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Erik Burgess, Published July 17 2013

Moorhead-area legislators says local projects to be funded before diversion

MOORHEAD – Area state legislators say the proposed $1.8 billion Fargo-Moorhead diversion is a taboo topic at the Capitol, at least for now.

They told Moorhead council members at a non-voting meeting Monday that they would not push for diversion funding at the Capitol until other area flood projects using state funds – such as in-town levees and home buyouts here – are 100 percent completed.

“I don’t even want to talk about the diversion down in the state Capitol until we secure the funding to complete these projects up and down the Red River Valley,” Rep. Paul Marquart, DFL-Dilworth, said Monday.

City Council members again cited concerns that the city, which faces a more than $1 million budget deficit next fiscal year, would be left holding the bag for Minnesota’s share of the proposed Fargo-Moorhead diversion if it’s authorized and built.

This year’s bonding bill authorized by the state Legislature appropriates $20 million for flood mitigation projects across Minnesota, with priority given to Moorhead. By the end of the month, the city should know how much of that $20 million it will receive, said City Engineer Bob Zimmerman.

Moorhead has about $14.7 million worth of flood projects remaining. Zimmerman said he’s “pretty sure” the city won’t get that amount this year, meaning it’ll have to go back to the Legislature next year to ask for more.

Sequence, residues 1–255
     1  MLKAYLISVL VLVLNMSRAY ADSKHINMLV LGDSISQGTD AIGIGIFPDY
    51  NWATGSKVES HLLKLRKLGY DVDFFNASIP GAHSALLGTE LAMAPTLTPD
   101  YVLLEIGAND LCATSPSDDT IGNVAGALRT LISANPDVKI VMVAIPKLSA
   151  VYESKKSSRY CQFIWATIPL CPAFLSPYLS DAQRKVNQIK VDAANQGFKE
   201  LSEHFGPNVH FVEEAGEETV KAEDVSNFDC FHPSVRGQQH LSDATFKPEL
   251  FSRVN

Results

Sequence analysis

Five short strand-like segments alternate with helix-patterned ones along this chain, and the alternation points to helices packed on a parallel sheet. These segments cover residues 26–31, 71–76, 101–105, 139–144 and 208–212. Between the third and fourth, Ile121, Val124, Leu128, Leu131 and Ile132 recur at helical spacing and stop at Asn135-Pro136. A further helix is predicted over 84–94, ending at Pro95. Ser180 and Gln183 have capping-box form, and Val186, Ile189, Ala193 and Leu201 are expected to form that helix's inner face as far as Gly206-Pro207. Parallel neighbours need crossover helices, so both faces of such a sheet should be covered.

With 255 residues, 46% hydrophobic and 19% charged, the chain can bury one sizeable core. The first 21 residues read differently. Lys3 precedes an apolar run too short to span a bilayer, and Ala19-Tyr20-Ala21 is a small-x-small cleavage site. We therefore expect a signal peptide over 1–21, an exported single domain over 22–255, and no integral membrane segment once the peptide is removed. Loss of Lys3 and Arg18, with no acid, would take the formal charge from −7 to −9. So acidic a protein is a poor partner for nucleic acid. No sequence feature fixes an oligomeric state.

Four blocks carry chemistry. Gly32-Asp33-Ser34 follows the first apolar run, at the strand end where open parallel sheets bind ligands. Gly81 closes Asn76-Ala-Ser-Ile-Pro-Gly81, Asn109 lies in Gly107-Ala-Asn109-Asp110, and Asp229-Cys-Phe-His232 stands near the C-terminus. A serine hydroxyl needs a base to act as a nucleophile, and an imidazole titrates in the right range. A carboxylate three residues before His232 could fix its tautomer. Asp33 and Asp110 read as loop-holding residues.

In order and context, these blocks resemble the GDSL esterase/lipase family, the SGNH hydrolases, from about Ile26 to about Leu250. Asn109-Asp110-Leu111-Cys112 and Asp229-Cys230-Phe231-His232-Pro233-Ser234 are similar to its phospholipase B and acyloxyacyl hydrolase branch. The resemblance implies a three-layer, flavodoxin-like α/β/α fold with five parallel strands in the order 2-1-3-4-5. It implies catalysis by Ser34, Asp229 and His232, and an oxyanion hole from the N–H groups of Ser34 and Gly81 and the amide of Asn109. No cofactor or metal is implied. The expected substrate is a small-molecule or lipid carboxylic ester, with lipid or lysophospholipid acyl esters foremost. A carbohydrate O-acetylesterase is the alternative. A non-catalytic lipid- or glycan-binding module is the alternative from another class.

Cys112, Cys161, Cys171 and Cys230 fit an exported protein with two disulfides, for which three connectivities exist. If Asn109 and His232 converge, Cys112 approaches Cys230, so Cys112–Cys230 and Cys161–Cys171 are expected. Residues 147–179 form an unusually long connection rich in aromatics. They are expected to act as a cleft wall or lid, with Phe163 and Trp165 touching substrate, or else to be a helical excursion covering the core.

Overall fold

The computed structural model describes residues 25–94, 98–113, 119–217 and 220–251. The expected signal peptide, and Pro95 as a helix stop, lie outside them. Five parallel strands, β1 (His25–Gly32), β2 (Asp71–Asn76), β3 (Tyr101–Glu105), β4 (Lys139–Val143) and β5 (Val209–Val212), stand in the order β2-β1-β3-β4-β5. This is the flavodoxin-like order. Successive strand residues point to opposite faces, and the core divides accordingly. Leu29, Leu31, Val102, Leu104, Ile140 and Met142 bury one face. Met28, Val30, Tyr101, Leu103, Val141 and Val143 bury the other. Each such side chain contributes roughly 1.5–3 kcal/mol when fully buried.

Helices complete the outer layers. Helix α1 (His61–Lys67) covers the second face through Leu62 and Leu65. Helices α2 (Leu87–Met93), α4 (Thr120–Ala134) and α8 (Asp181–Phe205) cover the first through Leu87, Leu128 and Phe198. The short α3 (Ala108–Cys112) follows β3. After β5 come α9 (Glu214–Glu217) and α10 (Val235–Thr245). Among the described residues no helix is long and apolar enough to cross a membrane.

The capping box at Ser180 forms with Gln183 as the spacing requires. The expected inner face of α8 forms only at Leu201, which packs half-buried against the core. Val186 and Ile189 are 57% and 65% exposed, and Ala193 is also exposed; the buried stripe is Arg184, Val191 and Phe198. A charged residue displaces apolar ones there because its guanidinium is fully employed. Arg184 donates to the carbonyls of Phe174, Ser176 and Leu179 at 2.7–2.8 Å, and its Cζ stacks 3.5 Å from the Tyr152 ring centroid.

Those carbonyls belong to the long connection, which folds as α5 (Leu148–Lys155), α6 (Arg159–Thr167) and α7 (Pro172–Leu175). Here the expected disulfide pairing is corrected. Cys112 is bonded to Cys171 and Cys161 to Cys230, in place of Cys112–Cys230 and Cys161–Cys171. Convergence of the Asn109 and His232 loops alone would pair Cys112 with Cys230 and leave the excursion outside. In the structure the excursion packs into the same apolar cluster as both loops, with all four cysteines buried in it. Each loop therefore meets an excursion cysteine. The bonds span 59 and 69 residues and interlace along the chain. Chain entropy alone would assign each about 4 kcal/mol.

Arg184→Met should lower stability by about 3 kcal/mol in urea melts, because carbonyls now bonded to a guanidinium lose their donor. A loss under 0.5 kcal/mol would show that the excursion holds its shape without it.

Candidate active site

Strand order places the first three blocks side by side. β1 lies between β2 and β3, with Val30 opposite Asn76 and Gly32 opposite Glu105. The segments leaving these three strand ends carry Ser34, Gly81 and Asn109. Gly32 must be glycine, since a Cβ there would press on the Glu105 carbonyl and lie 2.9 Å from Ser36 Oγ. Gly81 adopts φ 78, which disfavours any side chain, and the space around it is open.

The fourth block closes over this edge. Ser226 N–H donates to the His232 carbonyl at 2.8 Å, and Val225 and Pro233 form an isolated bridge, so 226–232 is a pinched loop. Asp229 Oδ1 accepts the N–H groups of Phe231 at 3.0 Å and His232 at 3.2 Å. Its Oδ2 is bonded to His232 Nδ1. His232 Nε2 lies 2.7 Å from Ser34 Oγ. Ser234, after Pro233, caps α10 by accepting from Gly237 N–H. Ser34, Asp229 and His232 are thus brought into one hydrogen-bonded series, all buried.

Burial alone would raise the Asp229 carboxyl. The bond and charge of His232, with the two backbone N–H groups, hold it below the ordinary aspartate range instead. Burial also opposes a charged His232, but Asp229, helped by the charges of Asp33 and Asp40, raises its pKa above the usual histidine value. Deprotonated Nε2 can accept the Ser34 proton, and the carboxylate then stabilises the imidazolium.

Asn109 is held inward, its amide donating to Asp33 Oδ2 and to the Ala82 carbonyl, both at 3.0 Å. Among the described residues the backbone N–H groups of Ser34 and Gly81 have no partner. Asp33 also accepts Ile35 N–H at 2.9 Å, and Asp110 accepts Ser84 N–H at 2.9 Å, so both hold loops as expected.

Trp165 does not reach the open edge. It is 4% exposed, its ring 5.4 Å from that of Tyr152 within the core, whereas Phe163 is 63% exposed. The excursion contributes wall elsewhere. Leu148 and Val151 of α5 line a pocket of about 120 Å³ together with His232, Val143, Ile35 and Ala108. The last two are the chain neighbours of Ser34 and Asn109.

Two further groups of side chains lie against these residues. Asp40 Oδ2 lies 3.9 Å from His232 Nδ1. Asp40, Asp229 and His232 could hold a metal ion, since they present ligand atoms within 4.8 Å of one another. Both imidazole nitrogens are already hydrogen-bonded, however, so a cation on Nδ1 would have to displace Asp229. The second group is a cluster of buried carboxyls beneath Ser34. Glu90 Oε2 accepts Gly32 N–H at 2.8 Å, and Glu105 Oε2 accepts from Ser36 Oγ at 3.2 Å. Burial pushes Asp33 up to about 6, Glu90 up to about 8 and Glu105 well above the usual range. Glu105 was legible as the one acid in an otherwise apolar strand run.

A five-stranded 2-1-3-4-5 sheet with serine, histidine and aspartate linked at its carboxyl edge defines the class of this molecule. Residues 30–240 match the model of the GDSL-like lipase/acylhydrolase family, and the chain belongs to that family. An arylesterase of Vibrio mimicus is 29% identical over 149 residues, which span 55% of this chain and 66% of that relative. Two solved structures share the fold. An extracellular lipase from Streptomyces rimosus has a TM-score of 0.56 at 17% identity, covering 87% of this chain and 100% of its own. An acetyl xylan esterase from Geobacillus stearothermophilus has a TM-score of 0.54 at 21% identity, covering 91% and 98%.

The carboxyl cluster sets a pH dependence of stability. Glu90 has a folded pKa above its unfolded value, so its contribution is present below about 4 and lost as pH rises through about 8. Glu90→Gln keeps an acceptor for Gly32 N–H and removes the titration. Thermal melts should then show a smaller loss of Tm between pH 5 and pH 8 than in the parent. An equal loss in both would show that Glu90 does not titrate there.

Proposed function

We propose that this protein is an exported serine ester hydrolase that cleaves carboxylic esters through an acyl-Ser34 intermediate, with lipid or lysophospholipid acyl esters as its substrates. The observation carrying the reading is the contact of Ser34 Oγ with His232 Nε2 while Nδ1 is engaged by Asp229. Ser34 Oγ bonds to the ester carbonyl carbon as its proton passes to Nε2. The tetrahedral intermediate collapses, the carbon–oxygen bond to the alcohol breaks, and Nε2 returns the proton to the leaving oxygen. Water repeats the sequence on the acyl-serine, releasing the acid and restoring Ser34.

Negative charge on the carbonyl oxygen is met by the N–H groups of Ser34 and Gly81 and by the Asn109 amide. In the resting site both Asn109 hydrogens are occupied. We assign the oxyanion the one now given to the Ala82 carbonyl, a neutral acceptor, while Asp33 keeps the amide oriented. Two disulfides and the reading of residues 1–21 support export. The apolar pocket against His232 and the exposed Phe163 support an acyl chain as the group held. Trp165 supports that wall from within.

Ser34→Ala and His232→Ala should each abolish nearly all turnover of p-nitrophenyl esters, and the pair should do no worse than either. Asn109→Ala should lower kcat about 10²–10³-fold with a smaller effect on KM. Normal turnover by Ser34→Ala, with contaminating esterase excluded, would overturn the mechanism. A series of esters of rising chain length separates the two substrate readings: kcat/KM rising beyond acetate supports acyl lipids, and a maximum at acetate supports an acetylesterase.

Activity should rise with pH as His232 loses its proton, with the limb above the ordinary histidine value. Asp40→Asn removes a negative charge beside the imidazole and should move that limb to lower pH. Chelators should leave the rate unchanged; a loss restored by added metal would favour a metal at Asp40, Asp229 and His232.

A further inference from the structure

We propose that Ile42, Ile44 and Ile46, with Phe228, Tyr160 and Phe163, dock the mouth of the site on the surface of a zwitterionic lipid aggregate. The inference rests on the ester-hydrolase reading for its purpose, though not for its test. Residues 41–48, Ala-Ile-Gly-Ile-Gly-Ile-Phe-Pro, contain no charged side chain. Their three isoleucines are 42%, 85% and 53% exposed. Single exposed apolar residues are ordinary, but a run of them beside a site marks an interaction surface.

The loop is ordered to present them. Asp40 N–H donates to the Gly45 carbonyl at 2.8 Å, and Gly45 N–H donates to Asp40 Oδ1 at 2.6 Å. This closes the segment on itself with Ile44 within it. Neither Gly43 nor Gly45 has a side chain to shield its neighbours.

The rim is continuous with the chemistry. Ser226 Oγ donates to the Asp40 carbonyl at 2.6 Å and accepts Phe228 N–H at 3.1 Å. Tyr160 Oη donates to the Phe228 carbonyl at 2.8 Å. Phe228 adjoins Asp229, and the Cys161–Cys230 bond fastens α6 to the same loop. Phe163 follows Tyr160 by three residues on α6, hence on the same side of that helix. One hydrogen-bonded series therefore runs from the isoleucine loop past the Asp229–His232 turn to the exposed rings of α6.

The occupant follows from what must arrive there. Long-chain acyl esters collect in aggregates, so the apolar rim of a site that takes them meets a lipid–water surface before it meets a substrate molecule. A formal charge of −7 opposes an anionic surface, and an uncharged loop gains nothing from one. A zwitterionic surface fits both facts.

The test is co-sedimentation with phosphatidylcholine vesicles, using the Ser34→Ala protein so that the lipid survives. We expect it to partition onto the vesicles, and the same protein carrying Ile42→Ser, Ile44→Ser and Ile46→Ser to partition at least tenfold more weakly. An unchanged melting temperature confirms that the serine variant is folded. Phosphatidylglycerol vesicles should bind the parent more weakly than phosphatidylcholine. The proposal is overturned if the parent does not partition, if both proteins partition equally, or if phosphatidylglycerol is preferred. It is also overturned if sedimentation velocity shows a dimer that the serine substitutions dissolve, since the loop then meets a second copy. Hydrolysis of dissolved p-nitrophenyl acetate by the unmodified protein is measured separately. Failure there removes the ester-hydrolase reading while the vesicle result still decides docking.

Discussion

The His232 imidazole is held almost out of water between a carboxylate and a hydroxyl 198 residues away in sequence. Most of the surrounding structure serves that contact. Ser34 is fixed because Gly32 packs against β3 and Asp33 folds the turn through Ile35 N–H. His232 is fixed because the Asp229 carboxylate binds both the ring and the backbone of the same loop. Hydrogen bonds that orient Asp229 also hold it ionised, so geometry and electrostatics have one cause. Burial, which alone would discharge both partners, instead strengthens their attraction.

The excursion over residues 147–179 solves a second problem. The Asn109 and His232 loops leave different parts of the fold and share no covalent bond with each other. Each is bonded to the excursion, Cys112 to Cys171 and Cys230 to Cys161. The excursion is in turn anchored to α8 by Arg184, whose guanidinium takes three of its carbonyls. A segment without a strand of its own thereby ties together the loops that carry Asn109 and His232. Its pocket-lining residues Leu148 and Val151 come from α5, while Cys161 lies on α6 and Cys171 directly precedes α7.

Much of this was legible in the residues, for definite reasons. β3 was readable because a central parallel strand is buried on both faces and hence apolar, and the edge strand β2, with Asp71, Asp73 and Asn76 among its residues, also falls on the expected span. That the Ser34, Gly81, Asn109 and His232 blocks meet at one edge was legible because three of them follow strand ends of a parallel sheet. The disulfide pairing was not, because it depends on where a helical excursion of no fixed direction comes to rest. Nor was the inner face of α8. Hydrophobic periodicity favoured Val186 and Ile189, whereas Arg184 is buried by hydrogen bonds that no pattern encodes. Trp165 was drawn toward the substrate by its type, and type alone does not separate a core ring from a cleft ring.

Moorhead has spent about $87 million to buy homes along the Red River and to build its floodwalls to 42.5 feet. Of that, $30 million was local and $57 million came from the state.

There are also projects in Ada, Oakport Township and other cities along the Red. Even if the diversion is fully authorized this year, Marquart said he would still be totally focused on finishing the other projects first.

“I just do not want to go to other legislators around the state with a mixed message with what the priorities are right now,” Marquart said Tuesday. “Number one priority, first and foremost, complete these mitigation projects that are in the works.”

Rep. Ben Lien. DFL-Moorhead, and Sen. Kent Eken, DFL-Twin Valley, agree.

“I do have concerns about biting off more than you can chew (at the Capitol),” Eken said Tuesday.

It’s important to finish the Moorhead in-town levees first, Lien said, because that could lower the perceived benefit of the diversion to the Minnesota side, ultimately lowering how much Minnesota pays for the total project.

There also needs to be more unity among the local communities before going to the state, Eken said.

“The state often doesn’t want to get in the middle of local fights,” he said. “There’s plenty of projects out there where local communities have come together, and we need to do that here if we’re going to make it work.”

So it’s “shovel ready” projects first, and diversion second, Lien said. Zimmerman said that timeline makes sense.

Minnesota’s bonding money that could one day be used for the diversion has to be spent on aspects of the project on the Minnesota side, he said.

Even if the diversion is authorized this year – and proponents hope it will be – Zimmerman said diversion construction expenditures next year would likely be on the North Dakota side, so no Minnesota bonding money likely would be needed.

Readers can reach Forum reporter Erik Burgess at (701) 241-5518